That is the perfect image of what is happening to the media. The sad part is they do not realize it is happening yet!

    And you nailed it when you said:

    Once they recognise they’re being lied to, they won’t use your product, even if it’s free.

    I no longer use them. If something is reported in the NY times, I seek a second source to validate them. Failing to find one, I dismiss it as fake news. And the left hates the fact I am right a lot more often than I am wrong.

    The YSM will not realize they are worthless. They will continue with their image of self importance, even as those who read and believe them wither away.

    Liked by 3 people

  2. Russ Wood says:

    On bookshops and quality reads – there are hardly any more independent bookshops in South Africa, and the previous chains selling books have reduced to one single bookseller chain. I’m a Science Fiction reader, but the number of SF (as opposed to fantasy) books arriving in SA are minimal. At one time, I accused the chain of simply buying anything with ‘dragon’ in the title! If I want decent SF, I have to download it from the US publishers, because Amazon won’t post books to SA, because of the unreliablility of the SA Post Office. But now comes the problem – how do I find out what’s available? OK, there are reviews in my SF magazine, but too often THAT doesn’t arrive in the post either!
    So, as you wrote, there’s a heck of a lot of stuff out there – but selection (news, books, anything) is becoming more difficult.


  3. Margaret Smith says:

    The Daily Mail, used to fake news and smear campaigns against it by the Guardian, expose similar tactics in the recent election here against the Conservatives and May in particular; nasty lies and personal attacks. Promises of endless freebies are tempting to the unwary.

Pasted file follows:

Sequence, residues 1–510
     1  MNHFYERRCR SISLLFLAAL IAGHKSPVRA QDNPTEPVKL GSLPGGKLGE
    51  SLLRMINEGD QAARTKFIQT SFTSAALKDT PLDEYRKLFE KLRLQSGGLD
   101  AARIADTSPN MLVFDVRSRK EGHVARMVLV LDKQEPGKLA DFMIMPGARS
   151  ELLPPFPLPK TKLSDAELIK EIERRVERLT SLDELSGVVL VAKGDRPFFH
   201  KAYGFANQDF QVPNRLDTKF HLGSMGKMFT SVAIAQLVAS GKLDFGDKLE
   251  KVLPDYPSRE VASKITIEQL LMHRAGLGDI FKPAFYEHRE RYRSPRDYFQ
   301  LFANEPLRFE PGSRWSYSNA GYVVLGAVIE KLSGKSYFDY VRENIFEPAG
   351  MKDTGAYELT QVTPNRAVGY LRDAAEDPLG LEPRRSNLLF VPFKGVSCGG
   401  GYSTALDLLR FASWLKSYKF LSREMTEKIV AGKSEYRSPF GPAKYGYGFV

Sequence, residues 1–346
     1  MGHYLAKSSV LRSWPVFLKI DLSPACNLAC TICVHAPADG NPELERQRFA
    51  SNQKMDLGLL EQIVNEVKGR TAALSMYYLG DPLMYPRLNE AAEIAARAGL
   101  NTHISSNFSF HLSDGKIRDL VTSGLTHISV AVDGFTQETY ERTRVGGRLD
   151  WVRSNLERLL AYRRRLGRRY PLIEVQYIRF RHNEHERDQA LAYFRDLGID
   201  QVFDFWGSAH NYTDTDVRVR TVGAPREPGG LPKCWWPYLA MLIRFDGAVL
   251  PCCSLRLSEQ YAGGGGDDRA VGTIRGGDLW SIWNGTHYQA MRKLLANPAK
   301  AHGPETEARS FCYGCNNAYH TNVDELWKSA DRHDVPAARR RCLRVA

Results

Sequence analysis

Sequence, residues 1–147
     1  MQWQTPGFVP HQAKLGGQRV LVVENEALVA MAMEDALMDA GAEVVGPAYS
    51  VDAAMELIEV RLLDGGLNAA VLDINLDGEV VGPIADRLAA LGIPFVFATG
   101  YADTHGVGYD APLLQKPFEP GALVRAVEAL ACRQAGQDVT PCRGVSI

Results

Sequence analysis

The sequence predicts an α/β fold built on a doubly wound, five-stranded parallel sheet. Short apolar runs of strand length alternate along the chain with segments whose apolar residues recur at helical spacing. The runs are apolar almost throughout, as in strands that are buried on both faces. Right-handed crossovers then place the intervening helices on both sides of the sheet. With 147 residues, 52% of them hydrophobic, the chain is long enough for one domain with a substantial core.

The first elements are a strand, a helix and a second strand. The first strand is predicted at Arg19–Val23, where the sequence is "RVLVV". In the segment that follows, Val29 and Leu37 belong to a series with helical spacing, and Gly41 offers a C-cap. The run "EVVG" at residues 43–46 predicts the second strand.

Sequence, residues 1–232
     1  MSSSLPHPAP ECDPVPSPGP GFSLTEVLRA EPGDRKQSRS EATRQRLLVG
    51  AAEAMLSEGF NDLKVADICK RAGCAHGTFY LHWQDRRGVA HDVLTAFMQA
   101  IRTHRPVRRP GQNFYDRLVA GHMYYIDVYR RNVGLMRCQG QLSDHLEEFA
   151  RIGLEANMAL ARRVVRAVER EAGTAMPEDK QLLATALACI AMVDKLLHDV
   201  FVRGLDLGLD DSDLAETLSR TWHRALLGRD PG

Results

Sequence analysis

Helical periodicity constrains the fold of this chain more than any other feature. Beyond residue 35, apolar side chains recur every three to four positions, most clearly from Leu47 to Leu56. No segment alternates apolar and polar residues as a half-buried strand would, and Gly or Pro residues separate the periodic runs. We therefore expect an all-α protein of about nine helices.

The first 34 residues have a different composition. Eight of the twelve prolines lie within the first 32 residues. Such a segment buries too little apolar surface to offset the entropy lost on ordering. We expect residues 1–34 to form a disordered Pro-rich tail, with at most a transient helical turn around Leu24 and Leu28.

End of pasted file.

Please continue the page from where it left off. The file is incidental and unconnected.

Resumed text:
Children fall for it which is why I believe no one should vote before age 21 years (actually 25 would be better when the human brain is fully developed).

    Liked by 2 people

  4. Graeme No.3 says:

    The torrent of information resembles that when printing took off in Europe. Suddenly there were books, pamphlets etc. which didn’t present the ‘official line’. Neither governments nor the Church took kindly to this opposition and attempted censorship and repression, without much success. Those who, by working in combination, did manage repression did so at the cost of economic progress as the best and brightest citizens fled abroad. Nor could they control the press in other countries where they didn’t worry about anything that might upset foreigners.